Student pharmacists’ attitudes toward complementary and alternative medicine
Marwa Noureldin; Matthew M. Murawski; Holly L. Mason; Kimberly S. Plake
J Am Pharm Assoc (2003) 2013;53:618-625. doi:10.1331/JAPhA.2013.12212
View Author Identification Section
Marwa Noureldin: Marwa Noureldin, PharmD, MS, graduate student, College of Pharmacy and Center on Aging and the Life Course, Purdue University, West Lafayette, IN
Matthew M. Murawski: Matthew M. Murawski, BSPharm, PhD, Associate Professor of Pharmacy Administration, College of Pharmacy, Purdue University, West Lafayette, IN
Holly L. Mason: Holly L. Mason, PhD, Senior Associate Dean and Professor of Pharmacy Administration, College of Pharmacy, Purdue University, West Lafayette, IN
Kimberly S. Plake: Kimberly S. Plake, BSPharm, PhD, Associate Professor of Pharmacy Practice, College of Pharmacy and Center on Aging and the Life Course, Purdue University, West Lafayette, IN


Objectives  To explore student pharmacists’ attitudes toward complementary and alternative medicine (CAM) and examine factors shaping students’ attitudes.

Design  Descriptive, exploratory, nonexperimental study.

Setting  Electronic survey of student pharmacists between March and October 2011.

Participants  887 student pharmacists in 10 U.S. colleges/schools of pharmacy.

Intervention  Cross-sectional survey.

Main outcome measures  Student pharmacists’ attitudes regarding CAM using the attitudes toward CAM scale (15 items), attitudes toward specific CAM therapies (13 items), influence of factors (e.g., coursework, personal experience) on attitudes (18 items), and demographic characteristics (15 items).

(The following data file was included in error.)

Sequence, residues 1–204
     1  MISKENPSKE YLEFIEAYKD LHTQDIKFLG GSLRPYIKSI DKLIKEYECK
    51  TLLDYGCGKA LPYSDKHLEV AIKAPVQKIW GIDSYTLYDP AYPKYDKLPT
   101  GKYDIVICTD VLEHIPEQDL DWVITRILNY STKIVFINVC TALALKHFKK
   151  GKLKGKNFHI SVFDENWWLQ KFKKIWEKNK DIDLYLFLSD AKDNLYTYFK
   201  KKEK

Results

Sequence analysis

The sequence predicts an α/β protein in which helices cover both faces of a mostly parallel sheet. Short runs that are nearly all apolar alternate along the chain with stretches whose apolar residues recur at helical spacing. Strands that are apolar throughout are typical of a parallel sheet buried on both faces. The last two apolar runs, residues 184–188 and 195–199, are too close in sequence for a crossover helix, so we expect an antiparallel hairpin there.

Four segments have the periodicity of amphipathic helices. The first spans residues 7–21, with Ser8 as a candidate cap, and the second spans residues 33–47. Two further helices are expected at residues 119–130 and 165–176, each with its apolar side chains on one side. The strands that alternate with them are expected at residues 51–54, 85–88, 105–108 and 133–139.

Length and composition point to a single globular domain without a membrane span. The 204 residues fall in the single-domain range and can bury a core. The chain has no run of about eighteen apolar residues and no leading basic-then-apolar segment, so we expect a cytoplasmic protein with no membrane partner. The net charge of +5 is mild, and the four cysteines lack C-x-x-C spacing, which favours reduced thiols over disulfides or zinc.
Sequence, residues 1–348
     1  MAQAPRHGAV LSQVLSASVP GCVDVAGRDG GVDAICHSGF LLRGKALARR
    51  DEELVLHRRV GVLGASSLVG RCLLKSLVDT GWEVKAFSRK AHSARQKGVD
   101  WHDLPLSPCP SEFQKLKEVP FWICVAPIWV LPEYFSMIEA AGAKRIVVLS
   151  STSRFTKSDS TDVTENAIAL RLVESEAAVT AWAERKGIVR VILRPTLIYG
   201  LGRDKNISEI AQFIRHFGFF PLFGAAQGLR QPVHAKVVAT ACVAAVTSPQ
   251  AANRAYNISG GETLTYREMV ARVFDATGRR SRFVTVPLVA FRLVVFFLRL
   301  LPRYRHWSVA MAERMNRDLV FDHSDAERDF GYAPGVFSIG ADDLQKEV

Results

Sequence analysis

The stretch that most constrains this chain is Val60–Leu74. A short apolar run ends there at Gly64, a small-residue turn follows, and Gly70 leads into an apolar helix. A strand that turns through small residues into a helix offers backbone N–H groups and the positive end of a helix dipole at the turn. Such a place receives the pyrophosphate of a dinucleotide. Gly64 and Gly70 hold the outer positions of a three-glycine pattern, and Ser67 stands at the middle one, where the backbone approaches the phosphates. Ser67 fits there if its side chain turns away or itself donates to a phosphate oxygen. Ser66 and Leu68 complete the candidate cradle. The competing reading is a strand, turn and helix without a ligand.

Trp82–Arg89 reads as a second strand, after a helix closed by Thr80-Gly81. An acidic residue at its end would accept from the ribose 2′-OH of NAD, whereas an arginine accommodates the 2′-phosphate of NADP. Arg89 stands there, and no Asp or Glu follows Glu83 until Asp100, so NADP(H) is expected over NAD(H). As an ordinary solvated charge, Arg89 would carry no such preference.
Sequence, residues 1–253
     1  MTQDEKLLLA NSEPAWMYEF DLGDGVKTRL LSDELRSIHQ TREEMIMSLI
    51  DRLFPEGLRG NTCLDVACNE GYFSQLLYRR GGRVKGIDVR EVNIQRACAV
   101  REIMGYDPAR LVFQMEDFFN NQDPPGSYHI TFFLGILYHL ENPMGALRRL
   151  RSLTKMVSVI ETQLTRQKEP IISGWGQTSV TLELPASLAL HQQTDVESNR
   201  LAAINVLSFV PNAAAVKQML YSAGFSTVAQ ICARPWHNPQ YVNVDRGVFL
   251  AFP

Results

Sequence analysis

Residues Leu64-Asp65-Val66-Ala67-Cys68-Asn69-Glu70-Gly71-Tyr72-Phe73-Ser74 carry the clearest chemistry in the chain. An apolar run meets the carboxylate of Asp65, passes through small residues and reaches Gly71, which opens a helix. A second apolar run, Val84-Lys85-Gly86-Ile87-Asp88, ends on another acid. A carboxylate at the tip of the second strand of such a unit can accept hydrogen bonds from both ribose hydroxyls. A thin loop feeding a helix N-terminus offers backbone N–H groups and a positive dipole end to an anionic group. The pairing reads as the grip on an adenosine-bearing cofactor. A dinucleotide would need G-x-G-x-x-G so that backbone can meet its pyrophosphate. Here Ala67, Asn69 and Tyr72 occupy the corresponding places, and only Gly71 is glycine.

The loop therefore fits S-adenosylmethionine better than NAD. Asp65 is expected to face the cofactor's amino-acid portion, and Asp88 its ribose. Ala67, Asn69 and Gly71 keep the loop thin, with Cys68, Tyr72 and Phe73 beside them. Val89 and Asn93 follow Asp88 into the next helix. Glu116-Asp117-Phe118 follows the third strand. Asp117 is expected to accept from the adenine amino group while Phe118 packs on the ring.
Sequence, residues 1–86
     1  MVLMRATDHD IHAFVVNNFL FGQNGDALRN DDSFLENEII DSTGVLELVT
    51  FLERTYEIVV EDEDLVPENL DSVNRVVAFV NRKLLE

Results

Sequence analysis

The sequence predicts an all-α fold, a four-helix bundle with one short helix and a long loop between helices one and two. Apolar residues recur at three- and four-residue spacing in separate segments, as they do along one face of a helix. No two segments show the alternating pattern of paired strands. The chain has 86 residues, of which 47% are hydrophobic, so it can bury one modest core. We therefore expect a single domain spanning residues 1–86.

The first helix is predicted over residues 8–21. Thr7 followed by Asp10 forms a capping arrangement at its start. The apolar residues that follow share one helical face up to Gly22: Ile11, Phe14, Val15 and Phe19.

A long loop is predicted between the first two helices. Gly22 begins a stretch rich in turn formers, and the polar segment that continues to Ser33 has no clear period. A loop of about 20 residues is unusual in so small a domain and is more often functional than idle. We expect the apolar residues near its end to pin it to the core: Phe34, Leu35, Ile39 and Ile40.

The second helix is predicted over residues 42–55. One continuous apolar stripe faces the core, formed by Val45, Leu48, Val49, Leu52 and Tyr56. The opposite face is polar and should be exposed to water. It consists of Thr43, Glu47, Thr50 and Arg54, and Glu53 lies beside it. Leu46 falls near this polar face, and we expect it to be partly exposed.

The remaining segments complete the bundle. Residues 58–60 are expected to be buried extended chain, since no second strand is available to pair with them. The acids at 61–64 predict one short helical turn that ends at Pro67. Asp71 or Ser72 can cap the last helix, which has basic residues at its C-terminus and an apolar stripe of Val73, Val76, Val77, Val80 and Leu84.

Results  Mean (±SD) score on the attitudes toward CAM scale was 52.57 ± 7.65 (of a possible 75; higher score indicated more favorable attitudes). Students agreed that a patient's health beliefs should be integrated in the patient care process (4.39 ± 0.70 [of 5]) and that knowledge about CAM would be required in future pharmacy practice (4.05 ± 0.83). Scores on the attitudes toward CAM scale varied by gender (women higher than men, P = 0.001), race/ethnicity (nonwhite higher than white, P < 0.001), type of institution (private higher than public, P < 0.001), previous CAM coursework ( P < 0.001), and previous CAM use ( P < 0.001). Personal experience, pharmacy education (e.g., coursework and faculty attitudes), and family background were important factors shaping students’ attitudes.

Conclusion  Student pharmacists hold generally favorable views of CAM, and both personal and educational factors shape their views. These results provide insight into factors shaping future pharmacists’ perceptions of CAM. Additional research is needed to examine how attitudes influence future pharmacists’ confidence and willingness to talk to patients about CAM.

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